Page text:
Since I’m most familiar with making sauerkraut I’ll briefly explain the process. Acquire a red or white cabbage and carry out the following steps. 1 weigh it, 2 quarter it, 3 and shred it 4 calculate weight of salt to use. Use the 2% formula for self- brining. 5 in a large bowl sprinkle the salt over the shredded cabbage. 6 with your clean fingers and nails work the salt into the cabbage. Salt brings the juice out of the cabbage. This step is very important so do a thorough job.7 Ladle cabbage into a suitable (not metal) container within about one inch of its top. Squeeze down the cabbage by hand or other tool so that the juice rises above the top layers of cabbage. Any portion of the cabbage not covered by juice will spoil. When necessary add a little salt water so that the cabbage is always totally covered. 8 Attach air lock or weigh down the cabbage with a glass nearly full of water that fits inside the cabbage container. Other clean weights can be used to weigh down the cabbage. Wait 2 or 3 weeks for fermentation to take place in a shady location. After the fermentation stopes, the jar can be placed in the fridge.  Since there is quite a bit of salt in the sauerkraut, one should limit, for health reasons, the amount of sauerkraut consumed at one time.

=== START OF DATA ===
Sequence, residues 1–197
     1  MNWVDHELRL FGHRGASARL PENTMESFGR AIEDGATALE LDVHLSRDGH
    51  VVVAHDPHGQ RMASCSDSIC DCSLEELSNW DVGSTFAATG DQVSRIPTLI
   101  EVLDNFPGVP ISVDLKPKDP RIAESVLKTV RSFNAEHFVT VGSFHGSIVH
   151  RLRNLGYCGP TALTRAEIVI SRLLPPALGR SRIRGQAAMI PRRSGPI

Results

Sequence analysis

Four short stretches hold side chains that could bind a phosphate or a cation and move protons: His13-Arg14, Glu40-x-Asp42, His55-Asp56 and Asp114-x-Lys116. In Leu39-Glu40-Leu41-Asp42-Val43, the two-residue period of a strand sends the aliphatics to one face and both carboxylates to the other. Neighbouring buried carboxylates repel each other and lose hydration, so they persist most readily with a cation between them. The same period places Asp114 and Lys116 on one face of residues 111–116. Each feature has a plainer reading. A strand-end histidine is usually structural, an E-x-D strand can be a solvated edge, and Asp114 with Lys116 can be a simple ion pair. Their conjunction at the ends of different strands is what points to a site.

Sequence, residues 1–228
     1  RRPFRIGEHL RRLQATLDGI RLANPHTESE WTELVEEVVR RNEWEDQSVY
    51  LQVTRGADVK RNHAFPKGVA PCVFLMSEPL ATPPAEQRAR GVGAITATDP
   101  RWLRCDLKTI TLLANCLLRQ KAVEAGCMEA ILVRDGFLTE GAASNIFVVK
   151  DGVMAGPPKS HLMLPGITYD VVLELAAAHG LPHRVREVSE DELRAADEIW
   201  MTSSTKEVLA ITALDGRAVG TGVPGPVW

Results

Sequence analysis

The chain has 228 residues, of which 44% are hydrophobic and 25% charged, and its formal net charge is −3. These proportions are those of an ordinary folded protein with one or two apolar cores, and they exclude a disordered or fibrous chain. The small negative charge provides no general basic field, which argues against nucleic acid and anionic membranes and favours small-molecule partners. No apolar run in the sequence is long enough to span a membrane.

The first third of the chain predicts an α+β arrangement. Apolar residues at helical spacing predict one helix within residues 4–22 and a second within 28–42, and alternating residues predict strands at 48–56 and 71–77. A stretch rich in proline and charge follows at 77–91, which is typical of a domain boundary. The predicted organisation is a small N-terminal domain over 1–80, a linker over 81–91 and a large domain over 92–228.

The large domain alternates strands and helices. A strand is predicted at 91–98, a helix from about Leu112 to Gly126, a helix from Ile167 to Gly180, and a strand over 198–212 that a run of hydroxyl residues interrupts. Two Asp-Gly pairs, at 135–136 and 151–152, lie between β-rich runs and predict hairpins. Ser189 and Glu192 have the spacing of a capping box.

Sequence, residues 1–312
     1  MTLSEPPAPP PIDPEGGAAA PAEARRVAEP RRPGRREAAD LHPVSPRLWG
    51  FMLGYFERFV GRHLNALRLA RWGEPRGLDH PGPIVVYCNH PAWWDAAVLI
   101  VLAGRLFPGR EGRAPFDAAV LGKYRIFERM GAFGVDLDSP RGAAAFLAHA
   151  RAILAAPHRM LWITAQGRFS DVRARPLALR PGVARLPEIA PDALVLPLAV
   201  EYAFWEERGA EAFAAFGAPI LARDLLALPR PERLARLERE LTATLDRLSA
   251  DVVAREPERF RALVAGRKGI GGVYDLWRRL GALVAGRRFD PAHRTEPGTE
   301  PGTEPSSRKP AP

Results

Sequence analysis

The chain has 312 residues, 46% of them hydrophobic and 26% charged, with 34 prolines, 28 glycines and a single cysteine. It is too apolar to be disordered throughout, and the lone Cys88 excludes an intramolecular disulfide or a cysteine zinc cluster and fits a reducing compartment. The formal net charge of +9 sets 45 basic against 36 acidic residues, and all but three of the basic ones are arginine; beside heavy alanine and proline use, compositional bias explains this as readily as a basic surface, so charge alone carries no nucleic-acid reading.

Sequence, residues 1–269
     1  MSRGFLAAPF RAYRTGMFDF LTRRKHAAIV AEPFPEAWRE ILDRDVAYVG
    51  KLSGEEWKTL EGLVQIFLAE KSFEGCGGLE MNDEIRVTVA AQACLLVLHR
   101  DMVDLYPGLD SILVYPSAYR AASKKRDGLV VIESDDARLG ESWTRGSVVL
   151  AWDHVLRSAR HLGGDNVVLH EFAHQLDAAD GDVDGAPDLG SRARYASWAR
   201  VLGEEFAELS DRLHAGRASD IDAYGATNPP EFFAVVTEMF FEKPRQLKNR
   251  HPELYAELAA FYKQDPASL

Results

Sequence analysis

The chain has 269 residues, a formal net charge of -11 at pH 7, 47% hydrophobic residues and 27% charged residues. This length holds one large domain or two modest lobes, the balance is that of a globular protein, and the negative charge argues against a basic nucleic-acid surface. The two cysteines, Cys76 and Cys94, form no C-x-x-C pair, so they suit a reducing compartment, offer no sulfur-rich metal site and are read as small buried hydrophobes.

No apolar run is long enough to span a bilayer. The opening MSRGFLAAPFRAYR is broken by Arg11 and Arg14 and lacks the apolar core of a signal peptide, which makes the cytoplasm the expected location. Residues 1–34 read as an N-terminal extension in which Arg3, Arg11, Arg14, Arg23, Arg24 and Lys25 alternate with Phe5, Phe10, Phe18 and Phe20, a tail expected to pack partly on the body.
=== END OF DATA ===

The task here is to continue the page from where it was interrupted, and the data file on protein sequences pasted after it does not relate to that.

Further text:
In the vegetables that had the 2%brine, there is lots of juice left in the container. This juice can be used as a digestive tonic and as a soup stock. Don’t throw this juice out because it contains complex flavors and it is full of Lactobacilli. If the juice is a little salty, add a little more chlorine free water.

Health Benefits
Many health benefits have been claimed for sauerkraut. Source: Wikipedia
It is a source of vitamins B, C, and K;[19] the fermentation process increases the bioavailability of nutrients rendering sauerkraut even more nutritious than the original cabbage.[20] It is also low in calories and high in calcium and magnesium, and it is a very good source of dietary fiber, folate, iron, potassium, copper and manganese.[19]
If unpasteurized and uncooked, sauerkraut also contains live lactobacilli and beneficial microbes and is rich in enzymes. The fiber and supply of probiotics improve digestion and promote the growth of healthy bowel flora, protecting against many diseases of the digestive tract.[20][21]
Sauerkraut has been used in Europe for centuries to treat stomach ulcers, and its effectiveness for soothing the digestive tract has been well established by numerous studies.[22]